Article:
hesh£-kratu, hot-spirited, III, 26, 5 2 . 

h6tr/, the Hotr/ priest, I, 1, 1; 5, 
&c; I,94 a ,6; II, 9, 1; III, 17, 
5; hotara dafvya, I, 13, 8 1 ; 
142,8; 188,7; II, 3, 7; HI, 
4> 7 ; V, 5, 7 ; — sapta" h6tr/-bhi£, 
III, 10, 4. 

hotr/'-vurya, election as Hotr/, I, 

31, 3. 

hotr/'-sadana, the Hotr/'s seat, II, 9, 1. 

hotra, service of a Hotr/, the Hotr/'s 
office, I, 76, 4 ; II, 1, 2 ; III, 
17, 2 ; sapta* hotrarai, III, 4, 5 2 . 

hotra- v^h, carrier of offerings, V, 26,7. 

h6tra, oblation, I, 36, 7 ; II, 2, 8 ; — 
H6tra Bharati, I, 142, 9 2 ; II, 
1, 11 1 ; — the Hotri's work, wor- 
ship, IV, 2, io 1 . 

hotra-vfd, knowing the art of sacri- 
ficial libations, V, 8, 3. 

hru, see hvr/. 

hvaYas, tricks, V, 20, 2. 

hvara*, serpent (?), I, 141, 7 1 ; hvare 
(conj. hvaram), II, 2, 4 1 . 

hvarya? V, 9, 4 1 . 

hvr/ : upa hvarate, he slinks away, 
1, 141, i 1 ; — hru»ana£? (IV,4,i 2 ). 

hve, to call, invoke : huvema, 1, 127, 
2 1 ; iha huve (read iha hve ?), 
Ill, 20, 5 1 ; — v£hni£ as# & huve, 
I, 76, 4, \* ; — vi-hvayamahe, we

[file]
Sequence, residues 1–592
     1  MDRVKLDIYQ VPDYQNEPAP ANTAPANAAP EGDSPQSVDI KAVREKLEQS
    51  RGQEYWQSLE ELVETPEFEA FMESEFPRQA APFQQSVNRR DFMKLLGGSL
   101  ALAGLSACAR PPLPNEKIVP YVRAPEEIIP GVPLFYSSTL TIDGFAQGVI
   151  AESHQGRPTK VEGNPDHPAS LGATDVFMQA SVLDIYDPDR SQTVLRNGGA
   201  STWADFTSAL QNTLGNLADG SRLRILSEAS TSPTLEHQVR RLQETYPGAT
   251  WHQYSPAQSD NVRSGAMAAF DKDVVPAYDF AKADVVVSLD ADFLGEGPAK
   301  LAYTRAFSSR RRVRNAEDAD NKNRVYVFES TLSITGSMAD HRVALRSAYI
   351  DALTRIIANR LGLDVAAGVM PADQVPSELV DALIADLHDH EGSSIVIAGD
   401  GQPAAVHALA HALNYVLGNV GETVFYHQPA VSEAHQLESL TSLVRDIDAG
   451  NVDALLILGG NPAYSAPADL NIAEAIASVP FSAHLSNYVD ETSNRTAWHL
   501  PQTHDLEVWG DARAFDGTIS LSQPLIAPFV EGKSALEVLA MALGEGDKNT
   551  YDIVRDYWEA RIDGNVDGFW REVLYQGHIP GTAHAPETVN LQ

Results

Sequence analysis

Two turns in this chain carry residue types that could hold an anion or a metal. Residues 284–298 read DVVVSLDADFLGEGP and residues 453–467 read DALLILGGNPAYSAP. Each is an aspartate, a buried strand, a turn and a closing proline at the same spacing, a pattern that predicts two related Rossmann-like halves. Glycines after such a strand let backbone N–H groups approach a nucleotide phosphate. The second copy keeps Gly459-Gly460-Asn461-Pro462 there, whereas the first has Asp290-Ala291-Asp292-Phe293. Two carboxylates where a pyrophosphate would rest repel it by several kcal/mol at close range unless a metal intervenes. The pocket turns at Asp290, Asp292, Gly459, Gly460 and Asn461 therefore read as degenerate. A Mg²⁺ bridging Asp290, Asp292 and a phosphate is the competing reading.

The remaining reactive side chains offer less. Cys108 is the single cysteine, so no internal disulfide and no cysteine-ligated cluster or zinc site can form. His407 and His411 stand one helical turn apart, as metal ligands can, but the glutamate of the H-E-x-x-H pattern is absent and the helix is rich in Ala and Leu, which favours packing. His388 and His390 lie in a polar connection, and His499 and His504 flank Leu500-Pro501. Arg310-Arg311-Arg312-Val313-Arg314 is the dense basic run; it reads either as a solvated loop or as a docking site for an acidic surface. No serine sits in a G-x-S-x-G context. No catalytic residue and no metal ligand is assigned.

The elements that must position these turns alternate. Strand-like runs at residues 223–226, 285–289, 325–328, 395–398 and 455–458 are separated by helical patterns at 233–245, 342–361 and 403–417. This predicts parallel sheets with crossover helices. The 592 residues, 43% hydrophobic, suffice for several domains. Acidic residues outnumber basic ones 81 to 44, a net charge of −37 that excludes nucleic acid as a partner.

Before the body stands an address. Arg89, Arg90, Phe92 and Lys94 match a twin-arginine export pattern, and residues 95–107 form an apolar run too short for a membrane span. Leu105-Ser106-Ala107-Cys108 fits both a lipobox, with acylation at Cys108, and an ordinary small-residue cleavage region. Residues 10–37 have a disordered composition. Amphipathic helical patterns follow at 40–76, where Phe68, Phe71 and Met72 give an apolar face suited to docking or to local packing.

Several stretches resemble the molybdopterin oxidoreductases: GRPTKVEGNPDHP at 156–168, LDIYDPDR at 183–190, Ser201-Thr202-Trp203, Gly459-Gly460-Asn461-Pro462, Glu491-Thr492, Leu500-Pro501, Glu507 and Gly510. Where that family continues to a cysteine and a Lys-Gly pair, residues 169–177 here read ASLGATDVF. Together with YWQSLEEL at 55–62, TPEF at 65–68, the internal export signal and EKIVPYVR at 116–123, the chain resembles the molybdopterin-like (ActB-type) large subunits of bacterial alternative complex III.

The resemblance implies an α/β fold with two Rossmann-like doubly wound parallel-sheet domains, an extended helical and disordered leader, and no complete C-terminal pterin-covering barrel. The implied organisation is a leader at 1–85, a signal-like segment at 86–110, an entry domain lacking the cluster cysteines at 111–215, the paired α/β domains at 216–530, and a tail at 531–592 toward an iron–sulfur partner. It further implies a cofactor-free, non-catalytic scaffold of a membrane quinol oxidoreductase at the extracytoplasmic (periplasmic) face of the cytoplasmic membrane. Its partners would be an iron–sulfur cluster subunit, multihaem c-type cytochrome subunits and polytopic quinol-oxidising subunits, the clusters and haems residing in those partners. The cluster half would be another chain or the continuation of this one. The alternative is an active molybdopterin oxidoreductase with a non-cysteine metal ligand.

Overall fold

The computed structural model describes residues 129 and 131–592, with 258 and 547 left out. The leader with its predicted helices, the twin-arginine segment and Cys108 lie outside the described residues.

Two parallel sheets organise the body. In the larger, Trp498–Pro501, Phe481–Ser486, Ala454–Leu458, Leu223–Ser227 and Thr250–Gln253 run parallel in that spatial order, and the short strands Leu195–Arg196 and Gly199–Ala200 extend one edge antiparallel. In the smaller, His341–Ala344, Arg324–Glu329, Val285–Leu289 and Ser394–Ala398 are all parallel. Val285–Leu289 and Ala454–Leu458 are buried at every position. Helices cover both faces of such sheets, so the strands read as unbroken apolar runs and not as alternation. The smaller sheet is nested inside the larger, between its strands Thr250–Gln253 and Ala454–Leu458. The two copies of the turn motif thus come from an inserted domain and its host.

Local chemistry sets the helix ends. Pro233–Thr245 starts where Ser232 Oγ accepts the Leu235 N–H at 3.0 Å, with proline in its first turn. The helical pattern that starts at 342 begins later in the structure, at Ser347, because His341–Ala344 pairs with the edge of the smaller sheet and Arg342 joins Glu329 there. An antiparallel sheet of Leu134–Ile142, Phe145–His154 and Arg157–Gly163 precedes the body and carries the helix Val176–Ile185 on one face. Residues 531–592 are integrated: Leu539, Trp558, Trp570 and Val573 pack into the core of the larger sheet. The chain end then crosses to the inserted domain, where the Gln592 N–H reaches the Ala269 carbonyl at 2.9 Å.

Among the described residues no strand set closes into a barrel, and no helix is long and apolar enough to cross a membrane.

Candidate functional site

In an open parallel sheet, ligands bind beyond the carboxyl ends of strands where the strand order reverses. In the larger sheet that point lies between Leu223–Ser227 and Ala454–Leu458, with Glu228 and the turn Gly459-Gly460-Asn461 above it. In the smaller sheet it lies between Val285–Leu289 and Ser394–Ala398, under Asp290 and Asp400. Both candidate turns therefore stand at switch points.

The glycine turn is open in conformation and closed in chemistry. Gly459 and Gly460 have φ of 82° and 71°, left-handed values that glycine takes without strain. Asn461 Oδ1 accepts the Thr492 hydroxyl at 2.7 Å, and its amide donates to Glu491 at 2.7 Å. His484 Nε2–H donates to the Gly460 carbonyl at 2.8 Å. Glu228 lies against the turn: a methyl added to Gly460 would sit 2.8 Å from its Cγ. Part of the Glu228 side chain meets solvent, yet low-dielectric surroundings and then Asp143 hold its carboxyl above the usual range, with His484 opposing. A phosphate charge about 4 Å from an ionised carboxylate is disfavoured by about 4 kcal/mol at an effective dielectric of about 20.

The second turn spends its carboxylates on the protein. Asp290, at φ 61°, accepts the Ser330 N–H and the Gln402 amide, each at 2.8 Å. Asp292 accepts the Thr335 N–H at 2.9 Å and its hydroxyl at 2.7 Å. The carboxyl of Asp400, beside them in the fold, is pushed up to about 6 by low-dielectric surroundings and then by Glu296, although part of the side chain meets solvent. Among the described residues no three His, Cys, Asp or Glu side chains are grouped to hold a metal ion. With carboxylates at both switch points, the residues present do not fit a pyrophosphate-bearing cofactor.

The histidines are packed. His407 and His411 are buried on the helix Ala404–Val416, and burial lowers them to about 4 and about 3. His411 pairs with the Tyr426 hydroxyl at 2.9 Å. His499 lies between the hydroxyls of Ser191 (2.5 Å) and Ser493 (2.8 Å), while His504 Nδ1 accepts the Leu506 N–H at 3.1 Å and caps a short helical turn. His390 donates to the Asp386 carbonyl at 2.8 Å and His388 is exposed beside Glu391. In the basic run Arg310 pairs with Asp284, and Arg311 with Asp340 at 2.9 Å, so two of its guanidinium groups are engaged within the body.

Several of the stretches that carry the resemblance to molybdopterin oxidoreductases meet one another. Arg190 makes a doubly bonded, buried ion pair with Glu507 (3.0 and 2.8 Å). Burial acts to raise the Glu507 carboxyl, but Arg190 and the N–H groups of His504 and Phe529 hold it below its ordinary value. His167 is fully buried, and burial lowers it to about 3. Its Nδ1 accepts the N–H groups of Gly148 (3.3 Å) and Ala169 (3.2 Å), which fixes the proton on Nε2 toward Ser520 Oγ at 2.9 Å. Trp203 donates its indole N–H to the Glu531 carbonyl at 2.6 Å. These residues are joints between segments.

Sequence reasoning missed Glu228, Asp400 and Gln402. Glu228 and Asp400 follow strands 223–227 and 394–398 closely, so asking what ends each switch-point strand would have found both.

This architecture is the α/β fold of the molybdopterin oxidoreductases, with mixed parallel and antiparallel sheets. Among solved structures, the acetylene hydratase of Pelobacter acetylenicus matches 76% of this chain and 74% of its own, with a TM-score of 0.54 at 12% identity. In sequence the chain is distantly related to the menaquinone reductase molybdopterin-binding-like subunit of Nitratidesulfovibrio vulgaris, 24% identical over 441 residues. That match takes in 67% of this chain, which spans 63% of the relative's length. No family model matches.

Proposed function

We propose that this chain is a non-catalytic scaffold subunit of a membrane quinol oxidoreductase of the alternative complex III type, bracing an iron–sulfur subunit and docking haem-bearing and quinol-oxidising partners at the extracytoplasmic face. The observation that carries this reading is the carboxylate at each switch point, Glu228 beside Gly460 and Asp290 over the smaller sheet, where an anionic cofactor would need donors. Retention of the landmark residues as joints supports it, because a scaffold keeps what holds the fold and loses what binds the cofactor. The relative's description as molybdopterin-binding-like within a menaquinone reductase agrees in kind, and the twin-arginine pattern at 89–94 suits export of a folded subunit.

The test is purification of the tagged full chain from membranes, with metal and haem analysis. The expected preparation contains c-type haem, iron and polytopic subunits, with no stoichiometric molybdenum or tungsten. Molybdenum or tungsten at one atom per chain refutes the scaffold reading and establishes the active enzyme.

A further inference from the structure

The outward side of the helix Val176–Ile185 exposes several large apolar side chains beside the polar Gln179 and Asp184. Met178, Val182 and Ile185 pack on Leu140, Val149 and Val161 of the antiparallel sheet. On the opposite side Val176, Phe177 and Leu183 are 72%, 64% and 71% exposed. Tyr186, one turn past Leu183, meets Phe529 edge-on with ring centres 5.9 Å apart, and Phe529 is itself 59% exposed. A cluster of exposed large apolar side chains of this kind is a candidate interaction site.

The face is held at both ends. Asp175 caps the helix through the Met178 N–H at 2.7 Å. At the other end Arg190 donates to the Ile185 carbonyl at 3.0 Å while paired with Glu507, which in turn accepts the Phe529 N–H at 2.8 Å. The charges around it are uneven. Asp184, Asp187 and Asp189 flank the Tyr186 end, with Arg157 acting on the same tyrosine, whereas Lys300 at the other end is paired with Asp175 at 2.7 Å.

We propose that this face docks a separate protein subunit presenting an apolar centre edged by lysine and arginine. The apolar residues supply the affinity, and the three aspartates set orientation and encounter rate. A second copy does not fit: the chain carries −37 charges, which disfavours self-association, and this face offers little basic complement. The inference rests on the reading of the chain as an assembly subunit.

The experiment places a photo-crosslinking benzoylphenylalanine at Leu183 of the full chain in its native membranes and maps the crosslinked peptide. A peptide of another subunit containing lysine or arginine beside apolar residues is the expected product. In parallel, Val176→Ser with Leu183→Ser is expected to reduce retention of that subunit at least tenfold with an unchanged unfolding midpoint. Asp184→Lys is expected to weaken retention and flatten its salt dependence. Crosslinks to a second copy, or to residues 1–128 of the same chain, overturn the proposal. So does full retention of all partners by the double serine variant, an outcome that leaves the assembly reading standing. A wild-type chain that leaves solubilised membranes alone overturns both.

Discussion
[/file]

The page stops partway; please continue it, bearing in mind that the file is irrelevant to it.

call (thee) in emulation (with 
other people), I, 36, 13 2 . 



II. LIST OF 
THE MORE IMPORTANT PASSAGES 

QUOTED 

IN THE NOTES. 



RIG-VEDA 



PAGE 

I, i, 8 260 I, 6l, 4. 

6, 10 3 12 62 > 5. 

10, 2 . . . . . 262 62, 9. 

11, 5 4°° 6 4> 1 • 

15, 12 ... . 260, 306 64, 5. 

19, 3 I 9 2 6 4, 9 • 

28, 10 ... . 122, 156 64, 14 

24,9 251 66,2. 

26, 10 ... . 86 66, 4. 

27, 10 . . . . 3 2 7 69> 2 . 

29,4 7i 69,5. 

30,7 2 57 70,7. 

31, 8. . . . . 224 70, 10 

32, 14 . * . . 73 7i, 1 • 

33,4 l62 7i,3. 

33? J 4 • • • • 408 7i,4. 

34, 2 30<S 7 2 . 

34,3 6 9 7 2 , 5. 

34,6 28,272 72,8. 

34,9 26 9 76,5. 

34, 10 . . . . 112 80, 4 . 

37,3 305 8i,5. 

37, 12 ... . 172 84, 18 

38, 13 ... . 195 88, 3. 
42, 7. • • • • 2 57 8 9, 1. 

44,4 2I1 8 9, IO 

47,i 44 9 2 , 3- 

48,9 359 9 2 , 8. 

48, 10 ... . 40 95, 1 • 

5i,3 2 43 95,3. 

51,8 183 95,9. 

52, 1 2 86 95, 10 

52,6 31 2 9 6 , 3 

53,7 6 3 96,5. 

60, 1 231 100, 7 

61, 3 i55> 2 <>3 100, i^ 



PAGE 

no 

106 

18 

203 

105 

90, 269 

19 

243 

380 

65 

380